Fourteen Years as an Ulcerative Colitis Patient
Today is 14 years since I was diagnosed with ulcerative colitis, a type of inflammatory bowel disease.
As I sit here thinking about what specifically I want to say about today, I am just left sort of speechless in a way. I think I make it known that this disease changed every aspect of my life.
My anniversary post from last year goes into more detail about the day I was diagnosed, which you can read by clicking on the link below:
I guess the one thing that keeps coming up in my mind is how you approach newly diagnosed patients. There have been multiple conversations and events about the need for patients to be educated, “own their disease,” and understand everything that could come down the pike so you are never surprised.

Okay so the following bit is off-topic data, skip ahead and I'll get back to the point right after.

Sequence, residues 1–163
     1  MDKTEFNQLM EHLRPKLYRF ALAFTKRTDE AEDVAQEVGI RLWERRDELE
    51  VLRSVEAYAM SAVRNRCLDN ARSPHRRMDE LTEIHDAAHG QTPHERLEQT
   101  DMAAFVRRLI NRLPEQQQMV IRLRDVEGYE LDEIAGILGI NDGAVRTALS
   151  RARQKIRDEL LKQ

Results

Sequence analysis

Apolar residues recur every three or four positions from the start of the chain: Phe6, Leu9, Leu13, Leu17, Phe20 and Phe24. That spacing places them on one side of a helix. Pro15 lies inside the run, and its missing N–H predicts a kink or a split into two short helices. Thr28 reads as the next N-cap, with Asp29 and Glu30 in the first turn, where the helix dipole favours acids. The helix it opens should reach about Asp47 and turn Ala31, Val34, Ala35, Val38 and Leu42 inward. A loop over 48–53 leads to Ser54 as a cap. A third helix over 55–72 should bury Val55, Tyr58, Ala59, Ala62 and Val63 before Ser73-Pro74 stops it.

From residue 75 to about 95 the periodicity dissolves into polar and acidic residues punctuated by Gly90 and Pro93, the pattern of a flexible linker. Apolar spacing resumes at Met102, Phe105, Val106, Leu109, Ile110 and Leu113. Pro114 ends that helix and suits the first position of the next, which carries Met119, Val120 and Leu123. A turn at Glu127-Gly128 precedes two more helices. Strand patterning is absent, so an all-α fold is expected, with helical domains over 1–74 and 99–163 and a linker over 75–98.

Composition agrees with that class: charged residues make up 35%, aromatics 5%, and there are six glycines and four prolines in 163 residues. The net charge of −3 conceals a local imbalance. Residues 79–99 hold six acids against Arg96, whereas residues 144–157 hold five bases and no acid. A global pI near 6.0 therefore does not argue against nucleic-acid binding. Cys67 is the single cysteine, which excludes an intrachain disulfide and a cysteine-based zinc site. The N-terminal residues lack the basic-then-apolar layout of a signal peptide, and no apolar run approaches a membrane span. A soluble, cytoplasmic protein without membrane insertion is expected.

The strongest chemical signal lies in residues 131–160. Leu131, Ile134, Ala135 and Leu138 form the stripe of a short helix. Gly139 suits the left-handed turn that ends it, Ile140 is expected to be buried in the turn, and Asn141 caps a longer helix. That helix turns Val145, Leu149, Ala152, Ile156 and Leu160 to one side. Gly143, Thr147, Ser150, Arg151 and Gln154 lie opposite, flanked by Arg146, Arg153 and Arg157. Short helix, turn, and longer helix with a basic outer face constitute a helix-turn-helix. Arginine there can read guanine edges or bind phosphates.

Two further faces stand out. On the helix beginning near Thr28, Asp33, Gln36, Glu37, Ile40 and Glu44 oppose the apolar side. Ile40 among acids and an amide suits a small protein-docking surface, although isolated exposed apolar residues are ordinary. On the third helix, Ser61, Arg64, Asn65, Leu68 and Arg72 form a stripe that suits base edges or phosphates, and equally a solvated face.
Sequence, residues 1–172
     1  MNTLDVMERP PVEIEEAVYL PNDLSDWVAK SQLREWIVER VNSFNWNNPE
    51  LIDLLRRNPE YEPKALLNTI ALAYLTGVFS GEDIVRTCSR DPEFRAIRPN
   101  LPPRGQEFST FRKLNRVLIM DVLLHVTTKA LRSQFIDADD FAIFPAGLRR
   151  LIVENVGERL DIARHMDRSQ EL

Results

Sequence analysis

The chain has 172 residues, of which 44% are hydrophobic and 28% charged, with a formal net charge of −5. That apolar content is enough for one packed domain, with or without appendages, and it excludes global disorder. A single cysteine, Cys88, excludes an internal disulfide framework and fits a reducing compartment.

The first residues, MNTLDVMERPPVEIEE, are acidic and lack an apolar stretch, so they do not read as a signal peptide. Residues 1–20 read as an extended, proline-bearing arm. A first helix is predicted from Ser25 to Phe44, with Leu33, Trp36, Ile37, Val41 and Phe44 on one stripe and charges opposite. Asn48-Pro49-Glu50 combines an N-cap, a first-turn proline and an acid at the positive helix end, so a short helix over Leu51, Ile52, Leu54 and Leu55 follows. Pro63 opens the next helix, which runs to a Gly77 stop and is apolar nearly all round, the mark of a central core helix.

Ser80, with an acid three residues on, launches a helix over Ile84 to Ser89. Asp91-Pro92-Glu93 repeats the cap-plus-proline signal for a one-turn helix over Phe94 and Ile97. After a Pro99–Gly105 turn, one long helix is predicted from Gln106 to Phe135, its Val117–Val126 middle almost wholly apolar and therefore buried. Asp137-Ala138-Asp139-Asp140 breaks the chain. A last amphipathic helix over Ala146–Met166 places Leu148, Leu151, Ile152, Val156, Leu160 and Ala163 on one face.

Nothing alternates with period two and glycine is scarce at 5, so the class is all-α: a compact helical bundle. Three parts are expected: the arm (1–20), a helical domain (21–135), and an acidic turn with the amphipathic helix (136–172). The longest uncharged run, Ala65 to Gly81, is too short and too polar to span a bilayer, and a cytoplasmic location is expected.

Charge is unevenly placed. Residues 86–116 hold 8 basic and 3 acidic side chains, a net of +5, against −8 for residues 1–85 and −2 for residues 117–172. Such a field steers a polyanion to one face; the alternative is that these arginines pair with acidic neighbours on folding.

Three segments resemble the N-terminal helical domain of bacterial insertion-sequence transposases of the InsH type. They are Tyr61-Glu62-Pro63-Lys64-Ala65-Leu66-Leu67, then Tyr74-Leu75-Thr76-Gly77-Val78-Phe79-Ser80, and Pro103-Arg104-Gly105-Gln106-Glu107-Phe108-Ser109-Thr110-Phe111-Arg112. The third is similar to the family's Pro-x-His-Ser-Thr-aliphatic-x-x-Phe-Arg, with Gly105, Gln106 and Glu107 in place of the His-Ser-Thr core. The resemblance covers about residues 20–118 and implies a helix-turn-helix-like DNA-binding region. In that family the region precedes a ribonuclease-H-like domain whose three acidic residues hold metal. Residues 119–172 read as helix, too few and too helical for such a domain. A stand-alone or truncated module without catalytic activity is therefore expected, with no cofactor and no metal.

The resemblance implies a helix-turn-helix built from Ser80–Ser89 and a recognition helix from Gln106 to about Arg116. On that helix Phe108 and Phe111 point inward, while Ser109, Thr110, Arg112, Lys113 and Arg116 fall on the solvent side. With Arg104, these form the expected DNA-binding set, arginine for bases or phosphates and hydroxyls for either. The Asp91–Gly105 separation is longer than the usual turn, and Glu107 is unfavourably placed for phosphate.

Maybe I am in the minority but I keep thinking back to this day fourteen years ago. I was 13 and immediately put on high doses of prednisone. Things came on suddenly and fiercely. And then I was hospitalized soon after. I didn’t have time to read brochures or anything like that because I was too busy living it. I figured out how to be an IBD patient as things occurred
It wasn’t easy missing out on so much and having to micromanage and even think about things I never would have otherwise. My life for the past fourteen years has been torture. And had I known what was in store for me, I would’t have been able to maintain any semblance of hope. I had a ton of it for the first five years or so.
My point is this: I am so thankful I wasn’t forced to read up on everything related to inflammatory bowel disease. I am so thankful I wasn’t given literature about all the potential issues that could occur.
There is a balance between wanting someone to be an educated patient and not wanting them to worry about things that may never happen. And as we all know, worrying will only add to the mental health part of this chronic illness and have no affect on the outcome.
It is so great to see how different things are than when I was diagnosed in 2000. Obviously, we have so much more to go but I do see progress in research. I just hope something comes from it.